Should the Shores break with Vero’s sewer and irrigation water service, Vero’s remaining ratepayers would shoulder the entire cost of the new sewer plant, plus all the fixed costs of running a utility.

Converting septic system owners into Vero sewer customers through the installation of STEP systems will spread costs over a greater number of households, but it will not make up for losing all of the high-consumption customers in Indian River Shores.

At last Tuesday’s Utilities Commission meeting, member John Cotugno asked for a solid cost estimate and timeline for the plant project, but Vero officials don’t know at this point how much the new sewer plant will increase rates.

“We are working with our consultants on a high-level analysis of the rate impact of the debt service,” Lawson said. “It is not yet complete, so I don’t have a calculation of the total rate impact or the individual elements of the rates impacted.”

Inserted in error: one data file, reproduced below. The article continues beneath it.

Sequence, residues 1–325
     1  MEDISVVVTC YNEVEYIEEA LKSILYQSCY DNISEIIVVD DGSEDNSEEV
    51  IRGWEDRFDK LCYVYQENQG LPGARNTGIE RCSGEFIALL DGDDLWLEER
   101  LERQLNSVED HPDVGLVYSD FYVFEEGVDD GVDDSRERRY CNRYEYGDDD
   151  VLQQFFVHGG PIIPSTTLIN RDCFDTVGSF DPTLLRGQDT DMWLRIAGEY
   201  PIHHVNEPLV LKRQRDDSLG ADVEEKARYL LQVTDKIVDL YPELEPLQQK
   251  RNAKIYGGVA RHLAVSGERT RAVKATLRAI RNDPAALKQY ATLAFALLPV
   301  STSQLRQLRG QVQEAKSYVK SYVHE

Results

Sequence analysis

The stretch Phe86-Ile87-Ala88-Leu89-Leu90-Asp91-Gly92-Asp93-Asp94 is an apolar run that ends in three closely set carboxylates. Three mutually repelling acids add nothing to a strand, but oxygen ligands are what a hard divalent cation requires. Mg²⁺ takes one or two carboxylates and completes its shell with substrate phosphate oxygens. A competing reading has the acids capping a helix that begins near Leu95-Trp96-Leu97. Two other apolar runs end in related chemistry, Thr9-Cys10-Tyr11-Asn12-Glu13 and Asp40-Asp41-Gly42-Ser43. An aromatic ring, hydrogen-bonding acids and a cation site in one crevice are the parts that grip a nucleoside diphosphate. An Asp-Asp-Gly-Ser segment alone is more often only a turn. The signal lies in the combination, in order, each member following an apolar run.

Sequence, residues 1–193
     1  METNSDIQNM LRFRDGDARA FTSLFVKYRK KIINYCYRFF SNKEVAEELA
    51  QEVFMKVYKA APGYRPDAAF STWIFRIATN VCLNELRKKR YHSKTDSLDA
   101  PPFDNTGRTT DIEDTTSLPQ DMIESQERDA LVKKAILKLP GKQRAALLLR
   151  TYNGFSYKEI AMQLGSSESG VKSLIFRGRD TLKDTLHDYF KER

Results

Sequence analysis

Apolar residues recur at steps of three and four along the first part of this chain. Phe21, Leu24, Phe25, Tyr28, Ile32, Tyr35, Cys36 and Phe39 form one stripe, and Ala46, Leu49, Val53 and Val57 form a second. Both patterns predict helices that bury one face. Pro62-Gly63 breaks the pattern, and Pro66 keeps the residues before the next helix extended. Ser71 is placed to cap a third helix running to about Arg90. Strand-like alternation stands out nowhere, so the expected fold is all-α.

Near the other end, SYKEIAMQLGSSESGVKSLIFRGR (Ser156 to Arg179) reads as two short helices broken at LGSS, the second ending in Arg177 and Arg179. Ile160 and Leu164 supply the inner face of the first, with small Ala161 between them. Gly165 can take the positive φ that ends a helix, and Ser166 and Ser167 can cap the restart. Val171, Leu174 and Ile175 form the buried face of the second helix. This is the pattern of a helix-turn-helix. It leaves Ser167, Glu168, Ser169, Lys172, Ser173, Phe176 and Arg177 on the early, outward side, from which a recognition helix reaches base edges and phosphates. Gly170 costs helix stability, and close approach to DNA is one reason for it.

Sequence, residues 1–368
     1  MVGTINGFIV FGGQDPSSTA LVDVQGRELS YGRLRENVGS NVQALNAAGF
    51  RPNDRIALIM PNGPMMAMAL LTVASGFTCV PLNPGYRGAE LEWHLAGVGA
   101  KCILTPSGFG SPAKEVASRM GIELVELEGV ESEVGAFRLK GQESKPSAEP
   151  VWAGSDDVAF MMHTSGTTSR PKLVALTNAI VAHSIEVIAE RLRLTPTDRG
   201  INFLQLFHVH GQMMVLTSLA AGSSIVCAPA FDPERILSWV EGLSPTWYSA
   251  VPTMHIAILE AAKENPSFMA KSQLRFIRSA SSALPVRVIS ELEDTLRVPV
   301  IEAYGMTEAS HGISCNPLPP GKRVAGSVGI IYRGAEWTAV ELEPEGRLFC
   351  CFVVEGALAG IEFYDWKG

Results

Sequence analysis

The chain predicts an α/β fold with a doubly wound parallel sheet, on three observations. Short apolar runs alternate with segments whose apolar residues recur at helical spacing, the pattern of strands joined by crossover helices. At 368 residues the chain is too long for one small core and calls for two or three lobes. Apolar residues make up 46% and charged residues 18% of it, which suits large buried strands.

This puts Vero in a very precarious negotiating position going into litigation. If Vero stands its ground, or wins the lawsuit, the Shores likely will terminate the franchise in 2027.

But if the city gives in to the Shores’ irrigation water rate demands now, Vero will lose hundreds of thousands in revenue annually, with no guarantee the Shores won’t leave the utility system in 2027 anyway.

Vero City Attorney John Turner has said the city has a solid case and will defend its position in the lawsuit and Vero officials held a closed executive session last Friday to talk strategy, as allowed by Florida laws.

Attorney Paul Berg represents Indian River Shores, and Vero has hired attorney Thomas Cloud, who heads up the utilities division for the Gray Robinson law firm, to handle the city’s case.